Barry Bonds' baseball career is likely over now that the federal government has indicted him on four charges of perjury and one count of obstruction of justice. ESPN.com's Gene Wojciechowski probably put it best and most succinctly: "Essentially, Bonds perpetrated a fraud." After a thorough investigation, the government concluded that Bonds knowingly took steroids and other performance-enhancing drugs and lied about his actions to a federal grand jury that was investigating BALCO. Bonds potentially faces up to 30 years in prison but ESPN's legal analyst Lester Munson explains that if Bonds is convicted he will likely receive a one to two year sentence.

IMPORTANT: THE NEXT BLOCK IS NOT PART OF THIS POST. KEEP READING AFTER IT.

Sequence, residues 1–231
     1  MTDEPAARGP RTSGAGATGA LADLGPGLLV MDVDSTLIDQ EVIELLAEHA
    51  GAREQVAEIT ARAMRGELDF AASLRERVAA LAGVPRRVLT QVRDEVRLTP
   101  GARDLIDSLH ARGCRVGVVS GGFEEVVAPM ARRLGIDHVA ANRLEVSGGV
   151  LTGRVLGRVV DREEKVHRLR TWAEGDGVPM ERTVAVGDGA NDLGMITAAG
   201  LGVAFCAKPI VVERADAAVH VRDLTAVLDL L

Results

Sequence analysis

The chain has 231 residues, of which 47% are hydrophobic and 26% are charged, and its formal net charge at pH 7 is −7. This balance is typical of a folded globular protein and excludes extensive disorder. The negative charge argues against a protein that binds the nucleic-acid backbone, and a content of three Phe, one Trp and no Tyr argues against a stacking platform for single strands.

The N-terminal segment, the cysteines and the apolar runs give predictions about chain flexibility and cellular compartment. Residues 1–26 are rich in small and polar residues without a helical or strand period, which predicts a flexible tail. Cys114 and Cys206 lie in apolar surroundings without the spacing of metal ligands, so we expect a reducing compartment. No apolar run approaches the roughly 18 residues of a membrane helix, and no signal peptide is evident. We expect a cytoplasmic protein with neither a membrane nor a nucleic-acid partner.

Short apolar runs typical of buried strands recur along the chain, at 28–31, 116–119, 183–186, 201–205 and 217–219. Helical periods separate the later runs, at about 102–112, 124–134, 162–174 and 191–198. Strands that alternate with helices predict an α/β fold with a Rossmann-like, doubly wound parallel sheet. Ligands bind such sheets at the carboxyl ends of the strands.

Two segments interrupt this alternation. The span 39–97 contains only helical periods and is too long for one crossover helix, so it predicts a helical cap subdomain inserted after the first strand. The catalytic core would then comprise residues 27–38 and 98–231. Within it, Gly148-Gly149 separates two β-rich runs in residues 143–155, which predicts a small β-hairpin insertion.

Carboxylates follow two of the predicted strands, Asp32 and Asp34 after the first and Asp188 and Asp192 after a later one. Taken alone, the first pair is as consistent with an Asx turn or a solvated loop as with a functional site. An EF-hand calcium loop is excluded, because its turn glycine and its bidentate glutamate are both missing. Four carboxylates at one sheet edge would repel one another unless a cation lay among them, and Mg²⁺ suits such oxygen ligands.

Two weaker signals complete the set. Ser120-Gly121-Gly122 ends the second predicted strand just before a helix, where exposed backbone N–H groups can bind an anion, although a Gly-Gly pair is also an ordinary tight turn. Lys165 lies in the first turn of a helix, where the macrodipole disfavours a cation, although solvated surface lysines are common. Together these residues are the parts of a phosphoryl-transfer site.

As I wrote after Bonds' last game this season, "It did not have to end this way--and Barry Bonds has no one but himself to blame that it did." That is actually true in two ways. One, Bonds has so much natural ability that he could have easily been a Hall of Famer without breaking the law (yes, folks, even if MLB's steroids rules are fairly recent, the use of performance-enhancing drugs without a prescription has been illegal for quite some time). Two, the federal government offered to give Bonds immunity from prosecution from any drug use that he might have engaged in as long as he agreed to testify truthfully. Instead, Bonds, like Marion Jones, chose to lie. Now, like Jones, he will have to pay the price for years of criminal activity and deception.